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Word of the Day

Topical steroid effective for aphthous ulcer healing

Clinical Question:
Is topical dexamethasone ointment effective in hastening the resolution of recurrent aphthous ulcers?

Bottom Line:
Topically applied dexamethasone (a more potent corticosteroid than the triamcinolone found in dental paste in many countries) improves healing rates in patients with recurrent aphthous ulcers. (LOE = 1b-)

Reference:
Liu C, Zhou Z, Liu G, et al. Efficacy and safety of dexamathesone ointment on recurrent aphthous ulceration. Am J Med 2012;125(3):292-301.  [PMID:22340928]

Study Design:
Randomized controlled trial (double-blinded)

Funding:
Industry

Allocation:
Uncertain

Setting:
Outpatient (specialty)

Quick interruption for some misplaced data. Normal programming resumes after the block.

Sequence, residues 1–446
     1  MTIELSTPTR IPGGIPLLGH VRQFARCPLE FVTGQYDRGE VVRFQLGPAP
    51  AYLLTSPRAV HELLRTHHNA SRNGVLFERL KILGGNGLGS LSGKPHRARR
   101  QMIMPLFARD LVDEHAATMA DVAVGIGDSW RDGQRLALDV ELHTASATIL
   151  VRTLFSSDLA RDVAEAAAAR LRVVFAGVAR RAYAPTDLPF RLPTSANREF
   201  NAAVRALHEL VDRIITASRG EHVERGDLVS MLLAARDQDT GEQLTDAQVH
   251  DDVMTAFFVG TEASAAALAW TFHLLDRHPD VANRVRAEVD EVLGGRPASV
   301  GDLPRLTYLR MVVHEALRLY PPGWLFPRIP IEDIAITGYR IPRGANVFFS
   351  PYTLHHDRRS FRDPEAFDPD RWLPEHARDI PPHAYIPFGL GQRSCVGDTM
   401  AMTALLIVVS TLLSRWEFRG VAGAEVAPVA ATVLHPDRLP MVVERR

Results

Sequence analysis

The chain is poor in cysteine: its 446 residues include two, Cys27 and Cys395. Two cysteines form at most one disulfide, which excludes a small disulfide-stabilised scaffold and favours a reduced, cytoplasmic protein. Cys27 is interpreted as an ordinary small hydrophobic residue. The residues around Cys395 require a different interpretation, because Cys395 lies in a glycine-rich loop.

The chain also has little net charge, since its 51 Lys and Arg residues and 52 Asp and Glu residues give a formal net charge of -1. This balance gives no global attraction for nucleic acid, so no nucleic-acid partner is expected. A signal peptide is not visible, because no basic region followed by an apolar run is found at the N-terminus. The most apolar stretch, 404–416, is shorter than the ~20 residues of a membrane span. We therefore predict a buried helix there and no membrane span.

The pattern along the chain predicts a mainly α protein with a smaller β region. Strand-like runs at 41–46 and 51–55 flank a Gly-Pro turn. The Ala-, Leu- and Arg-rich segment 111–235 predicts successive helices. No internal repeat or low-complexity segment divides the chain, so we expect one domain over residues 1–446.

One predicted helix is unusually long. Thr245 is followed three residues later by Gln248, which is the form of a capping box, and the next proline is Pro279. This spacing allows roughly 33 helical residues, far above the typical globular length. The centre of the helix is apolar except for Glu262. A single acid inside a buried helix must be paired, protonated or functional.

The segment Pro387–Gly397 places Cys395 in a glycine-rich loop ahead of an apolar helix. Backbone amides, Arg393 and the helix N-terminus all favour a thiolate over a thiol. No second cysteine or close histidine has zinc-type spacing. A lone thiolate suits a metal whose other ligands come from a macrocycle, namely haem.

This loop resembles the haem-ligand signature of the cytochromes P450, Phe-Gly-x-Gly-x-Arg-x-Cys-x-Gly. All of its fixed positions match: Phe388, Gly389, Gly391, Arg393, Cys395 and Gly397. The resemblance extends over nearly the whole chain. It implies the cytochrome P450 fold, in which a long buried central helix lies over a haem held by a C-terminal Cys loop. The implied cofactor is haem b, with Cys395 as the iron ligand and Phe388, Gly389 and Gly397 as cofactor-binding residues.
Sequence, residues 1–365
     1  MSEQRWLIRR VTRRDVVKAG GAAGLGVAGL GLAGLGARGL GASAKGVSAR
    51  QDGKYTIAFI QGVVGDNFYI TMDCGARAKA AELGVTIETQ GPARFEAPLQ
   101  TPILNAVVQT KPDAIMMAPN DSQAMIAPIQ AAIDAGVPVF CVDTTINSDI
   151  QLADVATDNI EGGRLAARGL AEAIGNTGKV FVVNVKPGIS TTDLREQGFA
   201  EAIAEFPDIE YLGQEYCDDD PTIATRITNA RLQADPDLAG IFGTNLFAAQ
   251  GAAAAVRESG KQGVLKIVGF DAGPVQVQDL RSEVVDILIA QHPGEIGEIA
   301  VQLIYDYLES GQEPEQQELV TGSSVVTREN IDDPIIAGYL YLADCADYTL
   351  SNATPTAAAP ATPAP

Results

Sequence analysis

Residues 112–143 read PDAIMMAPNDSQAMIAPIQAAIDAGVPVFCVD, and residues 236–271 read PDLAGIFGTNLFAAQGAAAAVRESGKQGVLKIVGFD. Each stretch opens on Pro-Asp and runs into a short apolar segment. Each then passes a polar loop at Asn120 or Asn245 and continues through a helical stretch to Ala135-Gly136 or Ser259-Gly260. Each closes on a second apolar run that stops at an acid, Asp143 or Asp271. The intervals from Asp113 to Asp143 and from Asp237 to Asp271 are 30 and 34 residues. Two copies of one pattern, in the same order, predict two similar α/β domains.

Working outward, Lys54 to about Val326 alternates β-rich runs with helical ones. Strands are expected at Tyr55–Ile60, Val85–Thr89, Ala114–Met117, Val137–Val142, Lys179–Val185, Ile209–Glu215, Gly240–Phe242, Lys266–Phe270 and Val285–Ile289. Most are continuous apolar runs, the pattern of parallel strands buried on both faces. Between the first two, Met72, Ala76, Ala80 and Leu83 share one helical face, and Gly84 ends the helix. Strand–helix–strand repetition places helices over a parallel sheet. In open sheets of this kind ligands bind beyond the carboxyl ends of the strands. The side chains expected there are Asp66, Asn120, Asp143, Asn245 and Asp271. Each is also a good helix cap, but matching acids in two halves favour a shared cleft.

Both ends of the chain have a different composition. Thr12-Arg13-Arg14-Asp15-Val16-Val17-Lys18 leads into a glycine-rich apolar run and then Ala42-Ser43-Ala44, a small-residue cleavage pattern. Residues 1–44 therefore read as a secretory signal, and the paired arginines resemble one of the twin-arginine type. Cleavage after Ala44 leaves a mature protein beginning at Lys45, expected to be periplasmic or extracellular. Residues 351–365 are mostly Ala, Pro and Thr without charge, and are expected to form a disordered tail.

Synopsis:
The Chinese dentists conducting this study enrolled 240 patients with minor recurrent aphthous ulcers at 5 clinical centers. The patients were adults with up to 3 ulcers less than 10 mm in diameter with a duration of less than 48 hours. All patients were nonsmokers (smoking seems to prevent aphthous ulcers). The patients were randomly assigned, allocation concealment unknown, to use dexamethasone ointment 0.1% or matching placebo 3 times a day for 5 days. At day 6, 83.33% of ulcers were healed in the treatment group as compared with 54.70% in the control group (P < .001). The average size of the ulcers was significantly smaller in the treated patients: 7.2 mm^2 vs 5.6 mm^2 (P <. 01). The authors do not report whether blinding was affected by possible differences in taste between the active product and the control product.

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